Weblogs and Wikis BootCamp2014

Complete tasks from Week 1 before class time on Tuesday evening. You're welcome and encouraged to go on to Week 2 at any time.

Week 1

1. Review the CourseStatement2014. Make sure you understand how this course will proceed, how it works, what is expected of you. Re-read the details about time needed and frequency of posting. Ask questions now. You can ask them by posting to the comments on the Welcome post on the Daybook (best), or by email (meh), or bring them to class face to face (second best).

By Friday 17 Jan

2. Set up your weblog on Wordpress.com. Use the Missing Manual chapters 1, 2, - , 4, 5, 6, 7, 8 as a guide, and select the options that suit our semi-formal academic purposes. It's best to read through the chapters of the Missing Manual first to get a sense of where you're going, then set things up. You should select a template, create a title for your weblog, a tagline, and make a couple of test posts to get used to things.
3. Once you've completed the activities above, email me with the address of your blog and I'll add you to the Daybook so can post announcements. I'll also add your weblog to our blogroll.

By Sunday 19 Jan

4. Set up a Twitter account. If you have one, you can use that account for the class or start a new one. As with your blog, write a profile. Tweet an introduction using #en3177. Everyone search for the tag #en3177 and follow others in the class. Send a tweet with the address of your weblog once it's set up. Start tweeting using the #en3177 tag. Learn how to search for #en3177. Read your time line regularly, and follow others in the class. Follow @weblogsandwikis. Add your Twitter address to your About page.

5. Select an avatar - an image or icon to represent the self that is working in this course. You may already have one, or you might find one specifically for the course. Register at http://gravatar.com using the email address you're using for this course. Gravatar is associated with WordPress.com. Once you register with WordPress, you can use your WP account name and address to register with Gravatar. Once registered, your avatar should show up on WP posts and comments. You can add and verify other services as you wish.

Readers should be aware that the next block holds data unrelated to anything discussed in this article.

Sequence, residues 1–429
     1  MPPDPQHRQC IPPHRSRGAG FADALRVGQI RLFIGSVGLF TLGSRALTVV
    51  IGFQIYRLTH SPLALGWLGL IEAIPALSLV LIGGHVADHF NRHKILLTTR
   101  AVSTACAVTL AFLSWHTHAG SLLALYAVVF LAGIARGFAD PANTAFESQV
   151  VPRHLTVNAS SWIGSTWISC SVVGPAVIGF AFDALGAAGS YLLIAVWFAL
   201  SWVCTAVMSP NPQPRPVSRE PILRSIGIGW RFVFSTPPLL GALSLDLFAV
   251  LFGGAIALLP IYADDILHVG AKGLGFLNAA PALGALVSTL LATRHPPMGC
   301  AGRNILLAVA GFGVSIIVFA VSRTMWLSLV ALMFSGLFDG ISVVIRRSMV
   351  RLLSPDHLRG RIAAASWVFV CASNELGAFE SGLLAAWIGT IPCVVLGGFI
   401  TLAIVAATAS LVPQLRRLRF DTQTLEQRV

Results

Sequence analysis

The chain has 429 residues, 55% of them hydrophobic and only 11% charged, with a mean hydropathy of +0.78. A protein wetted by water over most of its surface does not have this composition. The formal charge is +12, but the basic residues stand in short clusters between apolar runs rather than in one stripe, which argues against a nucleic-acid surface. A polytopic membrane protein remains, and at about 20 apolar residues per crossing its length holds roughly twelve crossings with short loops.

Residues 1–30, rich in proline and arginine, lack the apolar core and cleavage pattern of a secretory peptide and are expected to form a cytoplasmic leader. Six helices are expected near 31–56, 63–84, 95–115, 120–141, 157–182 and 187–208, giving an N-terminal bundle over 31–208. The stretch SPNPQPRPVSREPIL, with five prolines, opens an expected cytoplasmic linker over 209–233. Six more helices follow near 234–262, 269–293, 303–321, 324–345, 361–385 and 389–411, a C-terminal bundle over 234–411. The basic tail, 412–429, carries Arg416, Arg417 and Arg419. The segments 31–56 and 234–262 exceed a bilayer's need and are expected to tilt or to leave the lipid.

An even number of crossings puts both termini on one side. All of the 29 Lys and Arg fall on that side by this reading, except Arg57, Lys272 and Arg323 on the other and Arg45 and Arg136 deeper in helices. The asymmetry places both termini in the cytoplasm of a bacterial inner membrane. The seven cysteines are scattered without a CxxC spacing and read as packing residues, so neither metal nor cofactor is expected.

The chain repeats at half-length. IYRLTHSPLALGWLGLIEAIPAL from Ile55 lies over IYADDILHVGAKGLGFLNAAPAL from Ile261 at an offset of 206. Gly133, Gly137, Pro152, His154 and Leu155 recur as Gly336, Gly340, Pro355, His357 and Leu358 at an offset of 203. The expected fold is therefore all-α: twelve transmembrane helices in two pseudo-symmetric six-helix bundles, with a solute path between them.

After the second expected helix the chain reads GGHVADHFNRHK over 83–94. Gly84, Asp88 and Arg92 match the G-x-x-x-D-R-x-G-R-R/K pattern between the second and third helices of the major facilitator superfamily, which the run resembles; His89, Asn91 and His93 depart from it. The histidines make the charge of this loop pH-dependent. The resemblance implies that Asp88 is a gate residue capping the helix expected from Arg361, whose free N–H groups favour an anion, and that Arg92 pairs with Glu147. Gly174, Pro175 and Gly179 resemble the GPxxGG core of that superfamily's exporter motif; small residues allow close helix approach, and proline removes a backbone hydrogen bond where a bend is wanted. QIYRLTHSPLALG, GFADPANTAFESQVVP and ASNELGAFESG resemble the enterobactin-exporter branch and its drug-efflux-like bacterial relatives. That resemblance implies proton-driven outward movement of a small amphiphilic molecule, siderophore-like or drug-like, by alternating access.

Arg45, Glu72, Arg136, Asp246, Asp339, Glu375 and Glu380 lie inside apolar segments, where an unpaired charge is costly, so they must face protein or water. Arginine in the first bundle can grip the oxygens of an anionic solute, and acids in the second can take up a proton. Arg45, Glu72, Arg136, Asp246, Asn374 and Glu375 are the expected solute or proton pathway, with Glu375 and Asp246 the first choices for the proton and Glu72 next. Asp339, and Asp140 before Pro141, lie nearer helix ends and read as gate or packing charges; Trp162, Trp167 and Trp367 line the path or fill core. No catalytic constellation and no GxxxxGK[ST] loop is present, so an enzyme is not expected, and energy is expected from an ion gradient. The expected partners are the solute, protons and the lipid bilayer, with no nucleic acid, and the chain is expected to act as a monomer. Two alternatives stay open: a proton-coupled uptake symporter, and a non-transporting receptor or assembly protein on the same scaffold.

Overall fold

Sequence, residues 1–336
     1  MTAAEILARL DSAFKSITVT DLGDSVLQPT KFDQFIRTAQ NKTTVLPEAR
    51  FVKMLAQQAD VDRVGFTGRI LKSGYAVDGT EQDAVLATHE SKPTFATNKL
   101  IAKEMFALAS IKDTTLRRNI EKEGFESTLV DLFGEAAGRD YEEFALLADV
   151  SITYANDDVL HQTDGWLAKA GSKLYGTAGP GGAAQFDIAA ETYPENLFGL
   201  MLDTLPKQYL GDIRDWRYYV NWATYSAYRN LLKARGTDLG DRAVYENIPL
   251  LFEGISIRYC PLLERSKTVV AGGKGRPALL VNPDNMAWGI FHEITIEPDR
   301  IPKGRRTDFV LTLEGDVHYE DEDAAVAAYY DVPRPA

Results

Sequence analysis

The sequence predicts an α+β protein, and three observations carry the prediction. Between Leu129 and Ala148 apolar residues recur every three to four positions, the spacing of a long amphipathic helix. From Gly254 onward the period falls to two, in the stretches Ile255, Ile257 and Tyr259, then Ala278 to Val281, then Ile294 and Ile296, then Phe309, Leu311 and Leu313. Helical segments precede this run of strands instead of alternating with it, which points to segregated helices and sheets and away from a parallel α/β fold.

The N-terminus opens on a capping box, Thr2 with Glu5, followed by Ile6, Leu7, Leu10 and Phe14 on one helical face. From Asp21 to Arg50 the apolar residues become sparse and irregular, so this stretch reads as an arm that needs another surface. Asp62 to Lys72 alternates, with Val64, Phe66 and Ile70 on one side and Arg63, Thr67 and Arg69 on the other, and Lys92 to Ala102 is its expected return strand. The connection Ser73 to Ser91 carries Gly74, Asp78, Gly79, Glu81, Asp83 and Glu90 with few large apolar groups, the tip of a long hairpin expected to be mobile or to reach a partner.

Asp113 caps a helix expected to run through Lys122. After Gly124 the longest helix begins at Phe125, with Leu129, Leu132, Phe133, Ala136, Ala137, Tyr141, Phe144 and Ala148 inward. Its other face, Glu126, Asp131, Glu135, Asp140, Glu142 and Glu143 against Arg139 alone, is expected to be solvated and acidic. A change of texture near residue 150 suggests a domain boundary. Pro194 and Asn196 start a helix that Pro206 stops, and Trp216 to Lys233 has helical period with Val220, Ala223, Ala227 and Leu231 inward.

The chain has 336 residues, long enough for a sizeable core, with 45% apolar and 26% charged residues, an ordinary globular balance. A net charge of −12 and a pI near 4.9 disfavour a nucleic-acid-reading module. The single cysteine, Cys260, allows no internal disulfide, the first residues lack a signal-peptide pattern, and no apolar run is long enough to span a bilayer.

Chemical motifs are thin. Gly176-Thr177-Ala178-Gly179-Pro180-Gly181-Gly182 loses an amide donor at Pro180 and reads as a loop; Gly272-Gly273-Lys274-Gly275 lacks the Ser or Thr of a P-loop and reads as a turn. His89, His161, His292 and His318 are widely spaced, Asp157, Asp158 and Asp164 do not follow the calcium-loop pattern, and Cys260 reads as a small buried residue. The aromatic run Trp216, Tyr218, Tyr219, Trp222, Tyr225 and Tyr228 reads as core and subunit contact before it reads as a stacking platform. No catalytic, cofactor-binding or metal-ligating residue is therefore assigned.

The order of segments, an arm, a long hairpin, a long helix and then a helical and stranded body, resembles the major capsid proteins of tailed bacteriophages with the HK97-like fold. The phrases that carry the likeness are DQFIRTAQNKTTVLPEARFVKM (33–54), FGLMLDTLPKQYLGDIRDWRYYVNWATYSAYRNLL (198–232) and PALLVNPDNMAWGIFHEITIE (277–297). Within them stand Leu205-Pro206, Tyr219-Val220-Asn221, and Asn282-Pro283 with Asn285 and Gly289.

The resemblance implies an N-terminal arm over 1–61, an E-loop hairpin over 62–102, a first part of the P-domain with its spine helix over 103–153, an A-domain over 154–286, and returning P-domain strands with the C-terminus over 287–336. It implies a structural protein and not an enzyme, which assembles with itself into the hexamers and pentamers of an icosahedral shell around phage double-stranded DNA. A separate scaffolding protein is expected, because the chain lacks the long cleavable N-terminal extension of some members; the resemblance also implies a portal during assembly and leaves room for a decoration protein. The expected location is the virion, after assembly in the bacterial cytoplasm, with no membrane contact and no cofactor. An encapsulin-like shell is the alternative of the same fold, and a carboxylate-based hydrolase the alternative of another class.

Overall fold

6. Start posting daily to get into the routine. I'll post some ideas and directions on The Daybook to get you started.

Week Two: Starts Tues 21 Jan

Week Two is about RSS, CC and IP, customizing your weblog further, and practicing embedding media into blog posts - because we're all about multimodality now.


1. Study up on RSS: What it is, how it works. Start with RSS in Plain English, and read up on RSS in The Missing Manual. You may not understand it completely until you've set up a reader and subscribed to some feeds, but push on.

2. Set up a Google account, and then set up Google Reader. Start here: www.google.com/reader. There's also a tour that explains how to subscribe to feeds, and how to use Google Reader. Google Reader is now defunct.

2. Set up an RSS account at Feedly.com. There are other RSS aggregator sites available, but Feedly is pretty good.

3. Subscribe to some course feeds and news feeds.
  • Subscribe to the Daybook's RSS feed.
  • Subscribe to the Weblogs and Wikis home page RSS feed.
  • Subscribe to the RSS feeds of others in the class.
  • Go to some of the sites (news, blogs, info) you visit regularly and subscribe to their feeds.

Post on Creative Commons and Intellectual Property

1. Read up on and write a post on copyright and the CC movement. Do the research first. Look into Creative Commons, and intellectual property (IP). The Missing Manual also has some information on copyright on the web, placing copyright notices on your weblog, and asking permission to post - which should be part of your research. Then write up a blog post in which you share your findings, linking to the resources you found most useful, and annotating those links. End this post by considering how you'll be licensing your work for this class, and why you made that choice. This post is due by midnight Friday so others have time to read and comment. Saturday and Sunday, then, visit the posts of others, comment - extend - develop - compare those that strike you as useful / significant / interesting. H/t to ds106

Refine your weblog and develop a workflow

Post a Reflection

By Monday evening, (27 Jan) post a reflection on these two weeks of Bootcamp set up. Refer to the HeuristicForWeeklySummaries as a guide. Link to your work for the last two weeks. I'm not considering your work with BootCamp2014 complete until materials are linked. Categorize this post under the appropriate category on your blog (Weekly Reflections or something similar).

You can post your summary earlier, of course, once you've completed the bootcamp activities and had a chance to review what others are doing, gleam what you can, and comment here and there.


Props to ds106 Bootcamp

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